|In a correct set-up for a proper pitch, the feet should be the length of a club head (5 inches) apart. (Andrew Rice/WorldGolf.com)|
Whether setting up for a chip or a pitch, the address position should be the same.
The difference between chipping and pitching is simply wrist action - chipping requires no wrist action, while pitching requires some wrist action due to the length or trajectory of the shot. The set-up, however, remains the same.
Here are seven points to work towards:
1. The feet should be the length of a club head (5 inches) apart. The stance needs to be this narrow in order to keep the weight on the front foot.
2. The ball is positioned in the center of the feet. This is to deter the leading edge from catching in the turf. If you position the ball too far back, you give up all your bounce and expose the sharp leading edge to the turf.
3. Grip the golf club as you normally would for a regular full swing; there is no need to grip down unless you are using an 8-iron or longer club.
4. Cozy up to the ball. Good chippers and pitchers set up fairly close to the ball and so should you.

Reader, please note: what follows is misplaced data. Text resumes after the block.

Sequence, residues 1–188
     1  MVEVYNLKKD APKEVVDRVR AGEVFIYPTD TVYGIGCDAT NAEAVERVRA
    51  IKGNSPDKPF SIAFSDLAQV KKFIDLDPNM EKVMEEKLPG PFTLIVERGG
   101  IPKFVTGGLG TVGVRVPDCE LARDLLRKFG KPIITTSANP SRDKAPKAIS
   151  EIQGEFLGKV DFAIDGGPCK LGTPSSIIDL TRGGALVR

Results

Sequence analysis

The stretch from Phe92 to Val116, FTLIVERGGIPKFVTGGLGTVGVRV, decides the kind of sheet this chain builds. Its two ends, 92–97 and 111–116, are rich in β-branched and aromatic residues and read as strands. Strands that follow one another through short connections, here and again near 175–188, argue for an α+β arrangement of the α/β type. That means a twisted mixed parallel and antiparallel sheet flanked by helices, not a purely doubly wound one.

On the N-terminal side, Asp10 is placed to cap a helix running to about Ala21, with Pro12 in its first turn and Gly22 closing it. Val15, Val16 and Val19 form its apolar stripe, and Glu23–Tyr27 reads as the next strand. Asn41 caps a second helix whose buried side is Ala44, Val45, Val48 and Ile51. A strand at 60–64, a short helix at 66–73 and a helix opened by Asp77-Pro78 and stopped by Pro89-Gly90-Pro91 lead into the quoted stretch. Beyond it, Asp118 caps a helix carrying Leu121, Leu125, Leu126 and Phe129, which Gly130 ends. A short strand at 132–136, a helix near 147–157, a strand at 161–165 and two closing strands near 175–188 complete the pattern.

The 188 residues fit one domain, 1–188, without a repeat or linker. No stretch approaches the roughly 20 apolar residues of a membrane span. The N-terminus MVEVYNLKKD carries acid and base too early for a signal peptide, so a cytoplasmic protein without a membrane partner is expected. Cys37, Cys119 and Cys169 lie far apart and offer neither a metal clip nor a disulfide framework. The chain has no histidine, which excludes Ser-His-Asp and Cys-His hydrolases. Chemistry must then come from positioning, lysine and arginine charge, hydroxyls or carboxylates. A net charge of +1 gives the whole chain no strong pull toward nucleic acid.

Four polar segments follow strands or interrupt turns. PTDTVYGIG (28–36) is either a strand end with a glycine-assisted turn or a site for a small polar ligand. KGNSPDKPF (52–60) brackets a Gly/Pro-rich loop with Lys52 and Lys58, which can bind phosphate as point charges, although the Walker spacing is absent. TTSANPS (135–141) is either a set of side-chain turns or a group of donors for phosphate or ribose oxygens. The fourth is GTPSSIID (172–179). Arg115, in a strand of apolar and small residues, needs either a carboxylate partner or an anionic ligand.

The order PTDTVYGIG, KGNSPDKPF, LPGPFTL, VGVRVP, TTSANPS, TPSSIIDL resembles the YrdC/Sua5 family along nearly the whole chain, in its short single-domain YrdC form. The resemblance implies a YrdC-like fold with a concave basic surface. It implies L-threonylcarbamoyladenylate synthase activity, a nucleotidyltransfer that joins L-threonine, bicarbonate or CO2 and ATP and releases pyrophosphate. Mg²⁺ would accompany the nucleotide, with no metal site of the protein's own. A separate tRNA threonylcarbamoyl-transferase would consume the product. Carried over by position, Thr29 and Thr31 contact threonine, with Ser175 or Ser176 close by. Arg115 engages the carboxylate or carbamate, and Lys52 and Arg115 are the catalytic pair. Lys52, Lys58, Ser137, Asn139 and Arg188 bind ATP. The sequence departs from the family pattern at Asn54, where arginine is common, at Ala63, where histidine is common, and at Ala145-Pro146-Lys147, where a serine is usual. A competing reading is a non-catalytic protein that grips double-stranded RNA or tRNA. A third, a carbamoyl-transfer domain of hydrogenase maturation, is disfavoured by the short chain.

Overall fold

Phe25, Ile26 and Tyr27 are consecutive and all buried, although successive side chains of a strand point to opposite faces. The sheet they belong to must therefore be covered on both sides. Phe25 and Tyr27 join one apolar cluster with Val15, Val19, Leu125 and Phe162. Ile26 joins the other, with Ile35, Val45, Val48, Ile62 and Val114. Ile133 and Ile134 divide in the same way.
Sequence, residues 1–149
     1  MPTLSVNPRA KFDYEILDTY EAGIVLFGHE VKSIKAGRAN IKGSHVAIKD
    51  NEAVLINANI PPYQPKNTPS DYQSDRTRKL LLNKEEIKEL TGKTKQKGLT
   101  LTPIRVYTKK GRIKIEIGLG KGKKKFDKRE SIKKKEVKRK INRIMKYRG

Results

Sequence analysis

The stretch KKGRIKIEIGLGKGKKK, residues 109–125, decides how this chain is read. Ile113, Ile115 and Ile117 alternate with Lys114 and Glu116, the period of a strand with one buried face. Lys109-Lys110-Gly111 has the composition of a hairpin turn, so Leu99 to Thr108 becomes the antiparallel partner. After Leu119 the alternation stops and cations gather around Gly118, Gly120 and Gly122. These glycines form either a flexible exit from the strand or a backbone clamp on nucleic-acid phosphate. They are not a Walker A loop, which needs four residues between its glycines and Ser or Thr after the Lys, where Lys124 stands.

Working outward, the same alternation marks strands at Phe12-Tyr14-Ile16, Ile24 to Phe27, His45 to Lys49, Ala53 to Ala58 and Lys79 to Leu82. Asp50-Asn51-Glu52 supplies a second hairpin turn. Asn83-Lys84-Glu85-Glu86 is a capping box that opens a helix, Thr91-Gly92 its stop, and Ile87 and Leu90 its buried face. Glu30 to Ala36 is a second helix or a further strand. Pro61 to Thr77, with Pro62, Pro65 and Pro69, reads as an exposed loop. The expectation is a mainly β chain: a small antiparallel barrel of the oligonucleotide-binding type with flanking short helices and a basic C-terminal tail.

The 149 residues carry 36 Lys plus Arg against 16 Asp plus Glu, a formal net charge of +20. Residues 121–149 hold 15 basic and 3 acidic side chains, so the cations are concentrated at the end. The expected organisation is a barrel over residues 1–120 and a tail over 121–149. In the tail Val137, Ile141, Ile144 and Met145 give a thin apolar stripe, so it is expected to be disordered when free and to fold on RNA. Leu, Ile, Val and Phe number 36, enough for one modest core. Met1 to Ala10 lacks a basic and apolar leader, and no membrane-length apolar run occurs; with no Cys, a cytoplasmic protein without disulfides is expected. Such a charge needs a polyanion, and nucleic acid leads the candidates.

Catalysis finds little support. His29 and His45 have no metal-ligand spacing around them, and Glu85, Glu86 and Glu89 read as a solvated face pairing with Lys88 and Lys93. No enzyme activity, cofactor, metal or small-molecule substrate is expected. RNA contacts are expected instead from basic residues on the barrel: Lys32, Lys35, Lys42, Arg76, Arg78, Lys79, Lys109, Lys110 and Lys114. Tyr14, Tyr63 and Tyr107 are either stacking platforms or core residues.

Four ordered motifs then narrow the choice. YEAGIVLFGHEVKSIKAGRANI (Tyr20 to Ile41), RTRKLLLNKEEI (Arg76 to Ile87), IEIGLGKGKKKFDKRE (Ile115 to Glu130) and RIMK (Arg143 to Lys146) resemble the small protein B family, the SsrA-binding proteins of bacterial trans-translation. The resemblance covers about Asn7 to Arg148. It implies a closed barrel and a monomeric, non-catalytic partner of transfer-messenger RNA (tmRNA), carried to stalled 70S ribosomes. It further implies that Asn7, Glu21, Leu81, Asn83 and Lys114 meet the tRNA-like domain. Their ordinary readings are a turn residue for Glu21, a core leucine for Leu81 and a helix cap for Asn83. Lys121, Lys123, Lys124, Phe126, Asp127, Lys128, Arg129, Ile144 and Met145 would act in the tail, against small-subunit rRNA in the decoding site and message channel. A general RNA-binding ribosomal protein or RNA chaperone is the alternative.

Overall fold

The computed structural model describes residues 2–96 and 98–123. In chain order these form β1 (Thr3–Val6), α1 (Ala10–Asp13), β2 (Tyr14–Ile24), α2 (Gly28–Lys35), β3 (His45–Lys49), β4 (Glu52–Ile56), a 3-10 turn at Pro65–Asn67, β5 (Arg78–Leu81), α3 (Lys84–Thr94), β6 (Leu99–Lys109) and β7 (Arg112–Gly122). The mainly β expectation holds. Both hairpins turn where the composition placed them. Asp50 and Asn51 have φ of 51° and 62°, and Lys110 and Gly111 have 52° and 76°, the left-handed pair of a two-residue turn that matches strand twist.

5. If the target is at 12 o'clock, the body should be aligned toward 11 o'clock (speaking as a right hander).
6. The weight is positioned so that it favors the front foot 60 percent vs. 40 percent. Make sure this is subtle, as shifting the weight too far forward increases the chance of the club "digging" at impact.
7. As a result of the weight being forward, the hands are shifted forward only a slight amount. There should be no conscious effort to push the hands forward.
Once you have acquired a proper point from which to start, now go ahead and trust your instinct. Go out of your way to react to the target, and avoid thoughts of how hard to hit the shot.
What do you think Larry Bird thought as he released another shot from behind the three-point line? I don't know, but I do know it was not how hard to shoot the ball.
Once you're set, simply react to the target. Oh yes, and practice helps, too.
May 18, 2009
Prior to accepting his current position as Director of Instruction at Berkeley Hall in Bluffton, S.C., Andrew Rice spent six years working for David Leadbetter as a senior instructor at the Junior Golf Academy in Florida. He has coached PGA, LPGA and Champions Tour golfers along with multiple USGA champions. His first book - "It's All About Impact - The Winners of 165 Majors Prove It!" - was published in the fall of 2009.